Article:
The Album You Haven’t Heard Yet

So, unfortunately I was unable to figure out how the internet works so I do not have music on the page. YET. I will prevail. On another note, I’m going to a concert this Friday, so I figured I’d choose an album by Local Natives, the band I will be seeing.

Album: Hummingbird                                                   Artist: Local Natives

Hummingbird_Local Natives

 

If I had to pick one word to describe Hummingbird, I would pick subdued. But not in a bad way. I know sometimes that word carries a negative connotation, but that isn’t how I mean it in this context. Hummingbird is the album you listen to to cope with uncertainty – because that’s what it’s about.

I first heard about Local Natives from a friend of mine. She said that they would be playing for something like $25 downtown and I was all over it. And that was when I realized that I had in fact heard of them from some of my favorite Pandora stations. As my exposure to them is still relatively fresh, I did some googling (note: I love that this is a verb) to put this album in context for me.

Around the time this album was created, the band’s bassist Andy Hamm had just departed and, to top it off, guitarist/vocalist Kelcey Ayer had just lost his mother. With that in mind the lyrics kind of gain a new perspective.

It’s easy to look past the words with this album, at least, for me. It’s effortless to just float on with the easy melodies and rich harmonies. With the depth of the album, getting lost in Local Natives is like getting lost in the sky. But the album is a little bluer than that. Lyrics like “the closer I get, the further I have to go” and “after everything/left in the sun, shivering” remind the listener of what the artists were feeling. It’s like they took part of these uncertain feelings of abandonment and channeled them to their audience, and if you listen – really listen – you can feel it too.

Hummingbird starts with “You and I,” an easy song with a mournful tone that the artist uses to question the closeness of everyone around him. It’s a song about gradual separation, and the theme carries. In “Heavy Feet” that feeling of separation is apparent, and culminates in what feels like regret with “Ceilings.” And in “Columbia”, Ayer’s mourning is clear as he sings “If you never knew how much/if you never felt all of my love/I pray now you do.”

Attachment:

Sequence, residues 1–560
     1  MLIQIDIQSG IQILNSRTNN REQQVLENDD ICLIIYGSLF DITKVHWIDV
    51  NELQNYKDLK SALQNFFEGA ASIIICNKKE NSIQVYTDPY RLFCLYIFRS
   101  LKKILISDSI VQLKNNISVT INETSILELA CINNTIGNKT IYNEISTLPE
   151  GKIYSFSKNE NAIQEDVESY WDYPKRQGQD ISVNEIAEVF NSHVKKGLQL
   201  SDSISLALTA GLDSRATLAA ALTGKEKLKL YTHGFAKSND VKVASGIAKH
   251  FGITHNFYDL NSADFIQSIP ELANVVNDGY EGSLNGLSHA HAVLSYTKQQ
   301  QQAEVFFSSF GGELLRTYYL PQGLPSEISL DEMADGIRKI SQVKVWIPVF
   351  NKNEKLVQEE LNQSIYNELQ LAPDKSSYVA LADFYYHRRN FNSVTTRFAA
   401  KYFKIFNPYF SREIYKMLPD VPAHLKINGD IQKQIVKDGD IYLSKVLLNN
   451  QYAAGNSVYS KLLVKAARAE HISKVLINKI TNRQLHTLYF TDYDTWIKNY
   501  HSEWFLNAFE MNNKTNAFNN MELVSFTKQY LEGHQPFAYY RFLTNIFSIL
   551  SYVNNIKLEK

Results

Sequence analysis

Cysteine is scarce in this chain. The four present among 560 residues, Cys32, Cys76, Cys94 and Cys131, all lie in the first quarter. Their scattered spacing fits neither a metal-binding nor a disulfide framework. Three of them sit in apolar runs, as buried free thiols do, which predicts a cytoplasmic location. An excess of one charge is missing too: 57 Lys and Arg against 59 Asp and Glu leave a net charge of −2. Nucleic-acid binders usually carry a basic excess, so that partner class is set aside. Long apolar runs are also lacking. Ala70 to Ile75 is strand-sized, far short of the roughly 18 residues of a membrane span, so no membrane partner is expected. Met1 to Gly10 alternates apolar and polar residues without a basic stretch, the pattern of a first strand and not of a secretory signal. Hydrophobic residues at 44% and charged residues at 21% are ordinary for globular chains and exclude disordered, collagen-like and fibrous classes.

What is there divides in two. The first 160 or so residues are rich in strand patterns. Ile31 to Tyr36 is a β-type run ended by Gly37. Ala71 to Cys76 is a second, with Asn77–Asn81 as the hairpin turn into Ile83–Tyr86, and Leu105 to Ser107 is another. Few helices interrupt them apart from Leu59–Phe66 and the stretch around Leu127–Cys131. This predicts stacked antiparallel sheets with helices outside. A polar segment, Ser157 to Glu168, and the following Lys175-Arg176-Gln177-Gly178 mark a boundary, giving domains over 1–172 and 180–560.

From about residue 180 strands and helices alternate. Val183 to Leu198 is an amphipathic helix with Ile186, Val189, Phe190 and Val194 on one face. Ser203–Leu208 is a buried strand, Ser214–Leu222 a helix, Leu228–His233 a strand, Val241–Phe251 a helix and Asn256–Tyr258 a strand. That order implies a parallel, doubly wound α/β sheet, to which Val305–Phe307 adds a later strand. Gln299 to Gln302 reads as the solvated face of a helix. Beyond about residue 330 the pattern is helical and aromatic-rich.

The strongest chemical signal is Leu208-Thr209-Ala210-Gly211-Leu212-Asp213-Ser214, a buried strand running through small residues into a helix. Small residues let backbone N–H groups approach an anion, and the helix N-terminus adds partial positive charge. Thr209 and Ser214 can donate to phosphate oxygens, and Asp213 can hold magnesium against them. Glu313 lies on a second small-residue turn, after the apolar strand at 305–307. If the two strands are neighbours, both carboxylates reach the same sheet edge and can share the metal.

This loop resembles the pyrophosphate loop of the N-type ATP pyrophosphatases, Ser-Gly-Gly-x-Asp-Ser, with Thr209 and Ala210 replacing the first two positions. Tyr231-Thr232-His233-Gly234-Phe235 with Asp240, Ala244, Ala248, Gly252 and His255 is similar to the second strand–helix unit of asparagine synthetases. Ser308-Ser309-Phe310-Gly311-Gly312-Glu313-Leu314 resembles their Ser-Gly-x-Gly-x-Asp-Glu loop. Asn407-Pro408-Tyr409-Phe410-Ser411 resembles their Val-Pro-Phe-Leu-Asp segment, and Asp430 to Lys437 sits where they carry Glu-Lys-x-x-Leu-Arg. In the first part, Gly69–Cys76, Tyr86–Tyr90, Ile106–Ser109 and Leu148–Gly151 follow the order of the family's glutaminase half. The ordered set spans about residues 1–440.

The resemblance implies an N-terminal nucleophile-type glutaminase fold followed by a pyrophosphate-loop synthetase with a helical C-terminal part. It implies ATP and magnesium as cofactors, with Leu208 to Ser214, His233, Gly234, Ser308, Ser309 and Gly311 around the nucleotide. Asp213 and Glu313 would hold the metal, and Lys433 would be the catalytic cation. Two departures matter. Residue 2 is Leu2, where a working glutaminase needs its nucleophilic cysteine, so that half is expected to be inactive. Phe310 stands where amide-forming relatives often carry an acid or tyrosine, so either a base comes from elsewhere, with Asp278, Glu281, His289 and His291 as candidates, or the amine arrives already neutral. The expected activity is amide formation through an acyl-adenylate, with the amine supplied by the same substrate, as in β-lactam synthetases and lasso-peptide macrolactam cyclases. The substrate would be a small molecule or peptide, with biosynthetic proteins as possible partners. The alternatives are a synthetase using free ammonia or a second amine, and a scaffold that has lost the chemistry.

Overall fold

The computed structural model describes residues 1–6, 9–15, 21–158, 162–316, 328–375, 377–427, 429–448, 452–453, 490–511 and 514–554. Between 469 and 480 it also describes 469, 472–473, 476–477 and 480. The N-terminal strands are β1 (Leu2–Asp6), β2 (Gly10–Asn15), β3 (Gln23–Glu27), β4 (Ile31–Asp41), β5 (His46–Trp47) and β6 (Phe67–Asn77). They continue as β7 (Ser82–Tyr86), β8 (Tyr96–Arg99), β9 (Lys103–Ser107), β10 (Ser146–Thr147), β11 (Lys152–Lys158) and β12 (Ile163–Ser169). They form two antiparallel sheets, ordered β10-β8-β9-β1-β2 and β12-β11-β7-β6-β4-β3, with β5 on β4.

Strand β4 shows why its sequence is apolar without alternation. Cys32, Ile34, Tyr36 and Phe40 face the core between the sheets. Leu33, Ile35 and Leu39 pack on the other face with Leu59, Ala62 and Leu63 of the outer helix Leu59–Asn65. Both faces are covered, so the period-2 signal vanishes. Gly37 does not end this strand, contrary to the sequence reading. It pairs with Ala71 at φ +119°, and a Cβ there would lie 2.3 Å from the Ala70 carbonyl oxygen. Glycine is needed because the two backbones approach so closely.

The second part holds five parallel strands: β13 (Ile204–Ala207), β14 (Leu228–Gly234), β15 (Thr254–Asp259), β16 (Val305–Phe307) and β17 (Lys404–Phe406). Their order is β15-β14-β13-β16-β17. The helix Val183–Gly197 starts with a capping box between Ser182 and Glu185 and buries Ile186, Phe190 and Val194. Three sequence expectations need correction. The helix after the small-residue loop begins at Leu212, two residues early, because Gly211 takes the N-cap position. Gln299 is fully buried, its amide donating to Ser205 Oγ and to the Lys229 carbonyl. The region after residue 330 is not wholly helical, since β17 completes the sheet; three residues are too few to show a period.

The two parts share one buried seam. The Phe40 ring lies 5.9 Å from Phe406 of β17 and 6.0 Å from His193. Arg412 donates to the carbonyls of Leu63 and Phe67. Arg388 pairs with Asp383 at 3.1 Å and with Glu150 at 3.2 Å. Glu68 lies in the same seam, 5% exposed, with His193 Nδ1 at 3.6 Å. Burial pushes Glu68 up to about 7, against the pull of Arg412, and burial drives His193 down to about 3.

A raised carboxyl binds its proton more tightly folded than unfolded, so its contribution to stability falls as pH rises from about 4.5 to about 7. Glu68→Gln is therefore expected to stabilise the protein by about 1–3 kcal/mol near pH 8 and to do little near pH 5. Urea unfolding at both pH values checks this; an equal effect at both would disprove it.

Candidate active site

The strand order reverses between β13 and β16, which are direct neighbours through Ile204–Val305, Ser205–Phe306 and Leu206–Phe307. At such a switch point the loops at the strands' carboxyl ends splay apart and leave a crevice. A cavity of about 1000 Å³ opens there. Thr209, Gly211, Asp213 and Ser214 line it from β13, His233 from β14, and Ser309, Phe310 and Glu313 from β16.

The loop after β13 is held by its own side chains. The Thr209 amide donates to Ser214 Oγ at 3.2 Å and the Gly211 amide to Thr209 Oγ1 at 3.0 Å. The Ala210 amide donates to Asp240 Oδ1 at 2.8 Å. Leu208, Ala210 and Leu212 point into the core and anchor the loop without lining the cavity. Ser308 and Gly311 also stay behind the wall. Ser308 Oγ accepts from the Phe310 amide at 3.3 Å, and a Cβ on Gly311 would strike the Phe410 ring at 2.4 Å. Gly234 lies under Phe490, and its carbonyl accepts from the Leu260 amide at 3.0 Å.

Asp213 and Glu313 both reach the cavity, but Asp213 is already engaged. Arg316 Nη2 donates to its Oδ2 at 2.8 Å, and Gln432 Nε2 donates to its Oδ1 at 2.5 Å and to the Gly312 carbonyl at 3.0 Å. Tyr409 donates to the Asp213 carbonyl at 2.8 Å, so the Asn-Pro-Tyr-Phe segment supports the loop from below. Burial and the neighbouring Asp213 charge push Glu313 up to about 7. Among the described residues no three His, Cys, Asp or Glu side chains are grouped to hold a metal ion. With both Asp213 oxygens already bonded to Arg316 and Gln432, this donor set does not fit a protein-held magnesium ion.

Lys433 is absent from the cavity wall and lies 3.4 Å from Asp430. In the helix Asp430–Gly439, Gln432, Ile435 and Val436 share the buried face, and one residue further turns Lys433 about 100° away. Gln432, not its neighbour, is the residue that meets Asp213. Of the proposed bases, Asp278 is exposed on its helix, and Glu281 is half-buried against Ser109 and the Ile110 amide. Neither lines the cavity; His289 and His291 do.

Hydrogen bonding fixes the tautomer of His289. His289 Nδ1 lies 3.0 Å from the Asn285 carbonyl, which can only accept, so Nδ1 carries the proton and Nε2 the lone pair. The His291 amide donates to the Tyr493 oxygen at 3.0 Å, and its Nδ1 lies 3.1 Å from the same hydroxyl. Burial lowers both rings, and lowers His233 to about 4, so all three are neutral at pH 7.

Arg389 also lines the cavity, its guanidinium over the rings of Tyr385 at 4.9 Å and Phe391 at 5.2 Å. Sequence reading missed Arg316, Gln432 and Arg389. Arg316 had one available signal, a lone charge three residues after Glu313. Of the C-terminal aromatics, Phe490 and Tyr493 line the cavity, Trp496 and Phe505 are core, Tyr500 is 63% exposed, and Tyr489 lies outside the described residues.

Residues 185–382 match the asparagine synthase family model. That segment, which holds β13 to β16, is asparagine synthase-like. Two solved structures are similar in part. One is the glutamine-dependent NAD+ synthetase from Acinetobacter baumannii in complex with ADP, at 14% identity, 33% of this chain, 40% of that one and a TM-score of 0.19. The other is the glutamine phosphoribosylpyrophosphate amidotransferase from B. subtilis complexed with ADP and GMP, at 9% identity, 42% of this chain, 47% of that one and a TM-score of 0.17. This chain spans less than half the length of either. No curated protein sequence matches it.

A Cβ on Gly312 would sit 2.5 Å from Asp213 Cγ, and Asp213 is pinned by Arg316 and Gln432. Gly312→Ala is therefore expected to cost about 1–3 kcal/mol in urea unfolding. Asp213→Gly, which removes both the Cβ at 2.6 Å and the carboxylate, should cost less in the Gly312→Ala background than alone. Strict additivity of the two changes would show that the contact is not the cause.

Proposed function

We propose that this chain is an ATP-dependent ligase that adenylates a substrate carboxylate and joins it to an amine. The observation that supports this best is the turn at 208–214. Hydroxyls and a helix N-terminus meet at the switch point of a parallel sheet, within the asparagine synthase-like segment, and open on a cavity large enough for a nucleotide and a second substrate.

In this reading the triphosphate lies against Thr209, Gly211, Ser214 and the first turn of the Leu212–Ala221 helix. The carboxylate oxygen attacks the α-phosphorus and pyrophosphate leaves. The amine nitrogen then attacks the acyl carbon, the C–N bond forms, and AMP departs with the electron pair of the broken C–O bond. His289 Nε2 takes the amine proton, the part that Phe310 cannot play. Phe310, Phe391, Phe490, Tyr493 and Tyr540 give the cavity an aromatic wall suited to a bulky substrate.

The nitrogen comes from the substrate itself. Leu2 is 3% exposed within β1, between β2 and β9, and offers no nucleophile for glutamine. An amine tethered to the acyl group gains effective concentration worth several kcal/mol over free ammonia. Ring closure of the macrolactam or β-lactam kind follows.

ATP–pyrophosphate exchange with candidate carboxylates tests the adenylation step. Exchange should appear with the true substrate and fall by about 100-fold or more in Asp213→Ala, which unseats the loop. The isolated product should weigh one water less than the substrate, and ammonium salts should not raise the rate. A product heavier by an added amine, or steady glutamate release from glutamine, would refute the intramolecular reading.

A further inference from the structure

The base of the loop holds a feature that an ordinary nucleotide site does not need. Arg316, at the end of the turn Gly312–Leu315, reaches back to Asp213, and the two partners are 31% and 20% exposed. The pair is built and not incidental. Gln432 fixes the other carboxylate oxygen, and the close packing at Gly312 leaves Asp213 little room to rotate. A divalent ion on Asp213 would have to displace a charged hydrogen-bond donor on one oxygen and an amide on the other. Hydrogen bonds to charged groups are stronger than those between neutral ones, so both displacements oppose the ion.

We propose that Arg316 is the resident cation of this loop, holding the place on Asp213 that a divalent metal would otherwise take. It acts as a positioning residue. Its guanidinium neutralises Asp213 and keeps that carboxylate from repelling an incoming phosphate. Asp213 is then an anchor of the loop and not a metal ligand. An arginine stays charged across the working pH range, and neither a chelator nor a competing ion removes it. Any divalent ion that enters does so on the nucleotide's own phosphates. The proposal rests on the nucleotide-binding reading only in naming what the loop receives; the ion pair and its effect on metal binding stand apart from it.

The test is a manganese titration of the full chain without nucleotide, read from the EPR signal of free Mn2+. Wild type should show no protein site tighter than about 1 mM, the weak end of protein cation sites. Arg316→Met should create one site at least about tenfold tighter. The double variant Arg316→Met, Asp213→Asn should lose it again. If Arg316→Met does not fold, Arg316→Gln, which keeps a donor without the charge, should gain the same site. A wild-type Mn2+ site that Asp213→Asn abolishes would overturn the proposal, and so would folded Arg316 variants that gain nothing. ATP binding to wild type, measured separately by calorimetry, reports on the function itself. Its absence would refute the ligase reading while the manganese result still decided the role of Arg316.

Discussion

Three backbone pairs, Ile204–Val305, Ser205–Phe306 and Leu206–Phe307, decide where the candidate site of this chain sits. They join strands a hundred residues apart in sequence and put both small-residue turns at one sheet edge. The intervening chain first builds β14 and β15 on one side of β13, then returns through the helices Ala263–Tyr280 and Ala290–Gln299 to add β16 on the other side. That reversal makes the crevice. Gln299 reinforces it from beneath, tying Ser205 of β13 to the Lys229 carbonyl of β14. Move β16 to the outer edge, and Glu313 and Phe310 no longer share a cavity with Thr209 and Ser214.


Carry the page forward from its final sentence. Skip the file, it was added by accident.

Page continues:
Hummingbird is a thoughtful album that deals with an uncomfortable topic, but somehow makes it okay. Hummingbird is an album that lets it’s listeners know that sometimes you just need to have those feelings, and that there isn’t anything wrong with that.

If I have time and/or feel inspired to on Saturday, I might share a little about the concert. As always, comments and suggestions are welcome! Until next week (or Saturday), keep listening!

Honorable Song Mentions: You and I, Heavy Feet, Ceilings, Breakers, Columbia, and Wide Eyes (totally not even on this album but you should listen to it anyway)

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2 thoughts on “The Album You Haven’t Heard Yet

  1. I’m the friend mentioned! And going to the concert! That wasn’t my point of this comment, but I thought I’d share some fun trivia about Heavy Feet (I love band trivia! It makes you feel like you somehow are a part of the band and makes them seem more human than rock stars.). Anyway the Local Natives, at the time of writing the songs on Hummingbird, lived in a two floor apartment with The National (listen to them if you haven’t, and Maddie you owe me a blog post of them since I did buy you that vinyl). Local Natives lived on the second floor and The National on the first. One of the guys from The National and his wife had just a baby, and were constantly telling the Local Natives boys to be quieter. After weeks of this, Heavy Feet was born! Not to say that the content of the song has anything to do with being quieter or babies, but it’s a fun fact.

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